Sunday, February 19, 2012
Tomboy... No More
Kristen Hatch's piece, Little Butches: Tomboys in Hollywood Film, discusses the evolution of the traditional tomboy image in Hollywood movies. According to the writer, the image of tomboys in Hollywood has evolved from a representation of immaturity in young women to a reaffirmation of heteronomativity in our society. Hatch argues that the image of tomboys in Hollywood was used as a representation of sexual immaturity and childhood. The author also discusses the gradual transformation of Hollywood's tomboy into a 'woman' who embraces femininity and heteronormativity is so assured that it serves as as a symbol of the "disciplining of gender and desire" (70).
As I was reading this piece, I found myself relating to the metamorphic process of some of the characters Hatch discusses. I was definitely a tomboy when I was younger. The age gap between myself and my sisters made it almost impossible for us to relate to each other. Instead, I hung out with my male cousins and I adopted their mannerisms over time. I even began to wear my cousin's clothes because it just didn't seem practical to me to try and play with the boys in my 'girl clothes.' Although I do not remember ever having a desire to actually be a boy, I do remember always feeling a lot more comfortable wearing basketball shorts and t-shirts, putting my hair into a ponytail and playing soccer with my male cousins. I was not a big fan of the dolls my parents bought me, but I loved my SEGA and I loved playing Sonic and Mortal Combat video games. I loved running around and climbing trees and I absolutely hated it when my mom would make me play with my girl cousins because I thought sitting around playing with dolls was boring. At the time, I didn't see anything wrong with this. I didn't want to be a boy and I loved the Powderpuff girls.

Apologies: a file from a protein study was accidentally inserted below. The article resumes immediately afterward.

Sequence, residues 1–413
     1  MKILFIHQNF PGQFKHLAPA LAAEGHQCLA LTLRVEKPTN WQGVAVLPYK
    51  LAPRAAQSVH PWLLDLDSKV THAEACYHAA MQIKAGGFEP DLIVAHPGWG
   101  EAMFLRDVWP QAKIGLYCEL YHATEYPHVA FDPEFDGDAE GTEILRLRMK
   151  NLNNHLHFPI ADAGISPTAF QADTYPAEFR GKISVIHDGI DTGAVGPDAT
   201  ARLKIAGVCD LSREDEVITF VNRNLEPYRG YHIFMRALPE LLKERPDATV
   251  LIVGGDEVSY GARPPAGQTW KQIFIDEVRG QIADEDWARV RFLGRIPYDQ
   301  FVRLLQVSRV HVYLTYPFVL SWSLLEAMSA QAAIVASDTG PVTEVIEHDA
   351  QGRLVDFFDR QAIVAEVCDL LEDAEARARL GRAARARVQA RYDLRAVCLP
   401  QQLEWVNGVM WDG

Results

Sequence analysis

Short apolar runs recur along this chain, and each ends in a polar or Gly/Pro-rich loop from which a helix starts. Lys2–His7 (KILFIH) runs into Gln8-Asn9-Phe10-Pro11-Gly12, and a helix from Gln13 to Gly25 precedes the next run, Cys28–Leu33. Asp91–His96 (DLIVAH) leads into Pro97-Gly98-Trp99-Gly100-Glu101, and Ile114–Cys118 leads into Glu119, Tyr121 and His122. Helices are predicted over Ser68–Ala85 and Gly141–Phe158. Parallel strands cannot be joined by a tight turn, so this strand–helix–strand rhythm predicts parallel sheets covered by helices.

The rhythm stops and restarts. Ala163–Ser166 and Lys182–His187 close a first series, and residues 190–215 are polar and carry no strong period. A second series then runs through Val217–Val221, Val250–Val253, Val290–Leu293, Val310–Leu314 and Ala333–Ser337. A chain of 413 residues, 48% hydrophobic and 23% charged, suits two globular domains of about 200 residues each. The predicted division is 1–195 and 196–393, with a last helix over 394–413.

As I got older, however, my feminine side became more noticeable. I went through a phase when I was about 14 when I wore pink every single day of the week. I didn't do it as a way to declare my femininity, I just became obsessed with the color for some reason. I started fixing my hair a lot more often and wearing a lot more skirts as opposed to pants. Although my outward appearance became more feminine, I still retained a lot of the masculine mannerisms I had adopted from my male cousins. I still played/watched a lot of soccer, I still played video games, I still hung out with the boys, and my mom always commented on my 'boyish-mindset.' Although I have gradually become increasingly feminine, in the traditional sense of the word, it is apparent that I still retain a lot of the more traditional male characteristics in my mannerism, my tendency to cuss like a sailor, my assertiveness, my loudness, etc. I still love to watch sports, I'm still highly competitive and a part of one of the most aggressive women's flag football teams at Denison as an offensive line-woman (and I proudly rock my pink cleats on the field!). All of these things still mark me as a tomboy in my family's eyes, but to me they're simply a part of my personality and I fully accept and embrace that about myself.